Range extenders use an internal combustion engine as a small generator for the electric batteries. Unlike other types of hybrid (including PHEVs), range-extenders are only driven by the electric motor – they use petrol or diesel to support the motor, not to drive the wheels.

As the charging infrastructure improves and range anxiety becomes less of a thing, there’ll be less need for range extender technology.

Which types of hybrid are getting banned?

As of 2030, anything that isn’t a pure electric car or PHEV is getting discontinued. This includes MHEVs, HEVs and ICE (petrol and diesel) engines.

Under current plans, the sale of new PHEVs will be banned from 2035 – leaving pure electric cars as the only new car you’ll be able to buy.

Currently, you’ll be able to pick up every other type of car on the used car market.

Learn more about the 2030 “petrol ban”.
Porsche Taycan charging

Plug-ins explained

You’ll probably hear more and more about "plug-ins". It’s pretty self-explanatory: these are cars that can be plugged in to charge. These are vehicles in which you’ll be able to do significant miles on electric power.

Plug-in is an umbrella term that covers plug-in electric vehicles (EVs) and plug-in hybrid electric vehicles (PHEVs).

Plugs and charging points explained.

What’s the difference between electric cars and electrified cars?

They sound similar, but they’re different:

• An electric car runs on electric power only.
• An electrified car is supported by electric power. This covers everything from plug-in hybrids to eAssist features on an MHEV, depending on the manufacturer.

Acronyms:

EV - electric vehicle: a vehicle that runs off electric power only.

PEV – plug-in electric vehicle: a vehicle that can be plugged into the grid, charged and runs off electric power only. An electric car, essentially.

PHEV – plug-in hybrid electric vehicle: a vehicle that can be plugged into the grid, charged and run off electric power but can also run of petrol or diesel. If you’re thinking about hybrids, this is probably the technology you have in mind.

ULEV – ultra-low emissions vehicles: a vehicle that emits 75g/km CO2 or less.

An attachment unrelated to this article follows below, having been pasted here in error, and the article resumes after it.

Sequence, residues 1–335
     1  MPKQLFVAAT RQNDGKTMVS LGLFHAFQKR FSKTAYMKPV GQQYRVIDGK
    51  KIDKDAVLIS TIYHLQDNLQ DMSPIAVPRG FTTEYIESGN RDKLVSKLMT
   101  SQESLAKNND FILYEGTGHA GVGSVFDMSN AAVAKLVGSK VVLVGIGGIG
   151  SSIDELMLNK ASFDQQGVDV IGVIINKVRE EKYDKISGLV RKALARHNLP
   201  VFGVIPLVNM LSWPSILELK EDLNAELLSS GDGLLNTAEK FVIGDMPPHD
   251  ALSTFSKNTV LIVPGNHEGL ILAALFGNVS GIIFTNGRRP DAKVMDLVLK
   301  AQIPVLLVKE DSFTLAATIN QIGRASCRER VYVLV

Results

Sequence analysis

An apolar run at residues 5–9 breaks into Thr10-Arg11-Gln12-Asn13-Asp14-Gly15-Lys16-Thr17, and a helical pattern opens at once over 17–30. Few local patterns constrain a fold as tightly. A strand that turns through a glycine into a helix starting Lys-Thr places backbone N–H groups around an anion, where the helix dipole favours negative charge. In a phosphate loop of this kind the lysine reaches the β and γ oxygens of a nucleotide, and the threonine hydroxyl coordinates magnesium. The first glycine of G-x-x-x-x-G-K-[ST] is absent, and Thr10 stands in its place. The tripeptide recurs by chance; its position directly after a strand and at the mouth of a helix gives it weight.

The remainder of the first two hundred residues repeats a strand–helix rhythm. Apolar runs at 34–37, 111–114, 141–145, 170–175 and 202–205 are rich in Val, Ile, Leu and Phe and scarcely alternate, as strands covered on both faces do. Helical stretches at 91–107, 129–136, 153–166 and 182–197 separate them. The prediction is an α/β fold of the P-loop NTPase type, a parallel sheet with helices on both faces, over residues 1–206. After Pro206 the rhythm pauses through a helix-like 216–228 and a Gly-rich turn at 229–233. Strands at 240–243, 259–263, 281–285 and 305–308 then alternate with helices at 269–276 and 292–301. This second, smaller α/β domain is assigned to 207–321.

ZTEV – zero tailpipe emissions vehicle: cars that do not produce any tailpipe emissions, e.g. electric-only vehicles.
Hydrogen fuel cell car

Other alternative fuel types

There are other types of alternatively fuelled vehicles. These aren’t quite as popular or prevalent yet, but advances in technology mean anything could happen in the coming years.

Hydrogen fuel cell electric vehicle (FCEV)

Hydrogen fuel cell electric vehicles, or just hydrogen fuel cells, use a chemical reaction between hydrogen and oxygen to create electricity and power the car.

These are also zero-emission vehicles, as only water comes out of the tailpipe, and, until all electricity comes from renewable sources, they are the only truly environmentally friendly vehicles. The technology is very new, and there isn’t much of an infrastructure in place to support them yet. But, they’ll avoid the 2030 ban and plenty of brands are currently working on hydrogen-powered cars for mass market adoption. One to watch.

Bi-fuel

Bi-fuel vehicles run on a petrol or diesel ICE, supported by another type of alternative fuel; normally hydrogen, natural gas or liquefied petroleum gas (LPG, a mix of propane and butane).

Synthetic fuel

Also called eFuels, synthetic fuels are created using electrolysis to separate water into oxygen and hydrogen. The hydrogen is then mixed with CO2 to make synthetic methanol, which is refined into synthetic petrol or diesel.

Learn more about synthetic fuels.